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Ivey budget: $400 rebates, 2% pay raises, savings for ‘rainy day’

The Alabama Legislature returned to regular session Tuesday, greeted by a budget proposal from Gov. Kay Ivey. 

Consistent with priorities outlined in her State of the State Address, the proposal includes increased funding toward education, repayment of debt obligations ahead of schedule, a 2% pay increase for all state employees, and a confirmed push for $400 tax rebates to qualified individuals. 

The proposal includes both supplemental spending requests for the remainder of this year, as well as a FY2024 budget, which will likely be taken up by lawmakers in the latter part of the session. 

“Alabama, especially considering the state of the nation’s economy, is on sound footing,” Ivey said today. “Just as every Alabama family budgets to invest, pay their debts and increase their savings, my budget proposals do just that for our state.” 

Both the General Fund and Education Trust Fund budgets are in surplus. The privileges afforded by a positive financial standpoint for the state came with the responsibility of increase requests from almost all state agencies. Given the current reality of inflation, many agencies requested dramatic increases.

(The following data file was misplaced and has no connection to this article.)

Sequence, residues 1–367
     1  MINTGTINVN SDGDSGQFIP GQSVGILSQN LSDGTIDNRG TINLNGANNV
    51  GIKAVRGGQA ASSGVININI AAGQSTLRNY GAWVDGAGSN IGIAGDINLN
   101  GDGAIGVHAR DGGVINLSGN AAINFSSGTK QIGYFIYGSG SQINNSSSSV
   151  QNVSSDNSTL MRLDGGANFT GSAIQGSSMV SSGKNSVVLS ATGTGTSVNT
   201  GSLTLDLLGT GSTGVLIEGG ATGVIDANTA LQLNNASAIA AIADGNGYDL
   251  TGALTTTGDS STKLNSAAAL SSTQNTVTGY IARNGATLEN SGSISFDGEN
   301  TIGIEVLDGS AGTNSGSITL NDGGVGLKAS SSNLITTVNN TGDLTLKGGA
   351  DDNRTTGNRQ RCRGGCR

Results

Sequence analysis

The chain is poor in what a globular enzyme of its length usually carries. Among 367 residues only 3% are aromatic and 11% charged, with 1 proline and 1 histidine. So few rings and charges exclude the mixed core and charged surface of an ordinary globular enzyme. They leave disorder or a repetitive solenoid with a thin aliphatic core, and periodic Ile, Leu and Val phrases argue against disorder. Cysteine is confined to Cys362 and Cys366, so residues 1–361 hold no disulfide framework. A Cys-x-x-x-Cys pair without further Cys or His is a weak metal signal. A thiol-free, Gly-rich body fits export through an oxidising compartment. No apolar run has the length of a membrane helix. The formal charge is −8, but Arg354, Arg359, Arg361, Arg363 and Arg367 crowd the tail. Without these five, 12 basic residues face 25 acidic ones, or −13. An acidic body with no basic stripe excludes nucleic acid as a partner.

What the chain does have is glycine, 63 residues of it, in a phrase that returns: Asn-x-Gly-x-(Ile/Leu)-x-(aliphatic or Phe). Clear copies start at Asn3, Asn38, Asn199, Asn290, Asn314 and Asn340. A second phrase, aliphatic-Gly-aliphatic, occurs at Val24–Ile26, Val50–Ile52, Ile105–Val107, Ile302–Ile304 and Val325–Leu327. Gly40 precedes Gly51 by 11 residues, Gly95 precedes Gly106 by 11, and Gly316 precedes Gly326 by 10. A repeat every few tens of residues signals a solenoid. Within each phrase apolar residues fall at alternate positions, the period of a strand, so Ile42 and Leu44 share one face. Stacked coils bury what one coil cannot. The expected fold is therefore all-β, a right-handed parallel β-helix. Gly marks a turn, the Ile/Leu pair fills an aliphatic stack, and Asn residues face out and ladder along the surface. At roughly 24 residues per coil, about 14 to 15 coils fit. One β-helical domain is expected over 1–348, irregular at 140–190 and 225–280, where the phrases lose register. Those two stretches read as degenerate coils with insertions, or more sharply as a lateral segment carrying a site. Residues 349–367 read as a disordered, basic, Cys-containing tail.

The governor, as well as legislative leaders, have credited the resilience of the Alabama economy and state budget position to a reigned-in approach – particularly compared to other states.

As Ivey put it, “Our budgets are strong, and that is, no doubt, because of the fiscally conservative approach we have taken and continue to take.”

A major indicator of the positive position comes from the final $16 million repayment to the Alabama Trust Fund, which was finalized last week by SB1. Meaning, the state will no longer have to make annual multimillion-dollar contributions. In addition to measures proposed to pay down $40 million in various debts, it also calls for a $50 million contribution to the General Fund budget reserve, known as the rainy day fund. 

The full proposal, which will likely undergo changes from the legislature later in the session, requests a 8.4% increase to the state’s General Fund and a 6.5% increase to the ETF.  

State Finance Director Bill Poole offered new specifics about the $400 tax rebate for qualified individuals – as detailed in the governor’s ETF supplemental proposal.

He said those who filed a 2021 tax return are qualified to receive the one-time payment. State lawmakers will have to structure the exact funding package but, once approved, it will take 60 to 90 days for the state to send checks.

The possibility of money going directly back into taxpayers’ pockets can be credited to a $2.8 billion surplus in the ETF.

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